1. I did download a meditation app this morning and breathed for five minutes while a very pleasant, steady voice instructed me on breathing and convinced me that this could be a good habit (if it doesn't simply become one more commitment on a long list!).

2. I'm reading Robin Wall Kimmerer's Braiding Sweetgrass. The subtitle is Indigenous Wisdom, Scientific Knowledge, and the Teachings of Plants, and the book offers brilliant narratives of plant life based on all the science you could hope for from a Distinguished Teaching Professor of Environmental Biology at SUNY. Fascinating stuff about the ways that pecan trees manage to synchronize their irregular fruiting, about the marriage of algae and fungi that is lichen, about the surprising discovery that some plants -- sweetgrass is her prime example -- do better for being harvested. . . But it's the book's rich spirituality that keeps me turning pages, the "indigenous wisdom" she draws from to lament what's been lost, yes, but also to point to harmonious ways of being in the world, ways that humans can (and do!) play a positive ecological role. Ways that helping Nature (and admitting that we're part of it) helps us. . . .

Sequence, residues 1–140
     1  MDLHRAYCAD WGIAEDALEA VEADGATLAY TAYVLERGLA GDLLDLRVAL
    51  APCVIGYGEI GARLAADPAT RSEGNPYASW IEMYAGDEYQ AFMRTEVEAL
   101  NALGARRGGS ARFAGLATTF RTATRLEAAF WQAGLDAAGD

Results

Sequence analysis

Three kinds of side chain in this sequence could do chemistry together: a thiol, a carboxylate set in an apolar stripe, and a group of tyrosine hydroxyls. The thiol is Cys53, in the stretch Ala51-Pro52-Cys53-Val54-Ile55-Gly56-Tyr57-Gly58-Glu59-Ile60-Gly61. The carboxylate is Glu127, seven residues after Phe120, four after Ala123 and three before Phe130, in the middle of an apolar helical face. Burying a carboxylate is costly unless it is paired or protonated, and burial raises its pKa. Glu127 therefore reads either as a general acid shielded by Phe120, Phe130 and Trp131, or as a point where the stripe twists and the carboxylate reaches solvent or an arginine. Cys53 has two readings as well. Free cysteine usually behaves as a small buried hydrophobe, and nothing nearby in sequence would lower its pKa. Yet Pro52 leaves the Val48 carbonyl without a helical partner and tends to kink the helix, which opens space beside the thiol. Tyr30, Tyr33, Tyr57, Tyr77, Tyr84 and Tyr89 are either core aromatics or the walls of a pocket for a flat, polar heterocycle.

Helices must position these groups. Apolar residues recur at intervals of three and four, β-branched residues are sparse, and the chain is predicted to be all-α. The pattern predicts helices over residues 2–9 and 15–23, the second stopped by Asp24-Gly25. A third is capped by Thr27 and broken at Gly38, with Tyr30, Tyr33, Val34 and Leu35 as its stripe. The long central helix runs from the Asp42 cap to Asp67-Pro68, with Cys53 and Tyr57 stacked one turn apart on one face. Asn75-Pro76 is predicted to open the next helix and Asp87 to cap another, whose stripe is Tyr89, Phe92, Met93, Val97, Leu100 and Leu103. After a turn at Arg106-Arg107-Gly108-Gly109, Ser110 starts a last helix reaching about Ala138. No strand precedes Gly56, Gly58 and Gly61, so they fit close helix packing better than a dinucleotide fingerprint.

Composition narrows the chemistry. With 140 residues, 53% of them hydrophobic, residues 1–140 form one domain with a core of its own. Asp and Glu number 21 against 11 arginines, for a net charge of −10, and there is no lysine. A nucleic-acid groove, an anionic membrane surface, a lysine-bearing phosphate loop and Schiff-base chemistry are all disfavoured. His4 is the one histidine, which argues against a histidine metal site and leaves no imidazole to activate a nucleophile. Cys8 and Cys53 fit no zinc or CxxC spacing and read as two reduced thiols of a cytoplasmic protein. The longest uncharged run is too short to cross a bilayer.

3. So much of what I've been reading in her essays over the last week resonated even more forcefully yesterday as my husband and I watched Leave No Trace, a beautiful, moving, and powerful film directed by Debra Granik (who last brought us A Winter's Bone).  Superb acting by a new sure-to-be-star Thomasin Harcourt McKenzie and Ben Foster, but the implicit commentary about home and homelessness in America is given a rich emotional weight, arouses (in me, at least) such a nostalgia, an atavistic longing for a "natural" home in the world. . . The forests of the Pacific Northwest might read differently to me, as they did to Paul last evening, because we have spent some time in them, although we haven't camped for decades. But the contrast between the world that humanity, our indigenous selves, was once born into, and what we've made of it. . .  That's me, though. The film's nowhere near as heavy or preachy as those last sentences might suggest, and I highly recommend you see it -- and the lush gravity of the forest scenes really deserve a big screen and good sound system.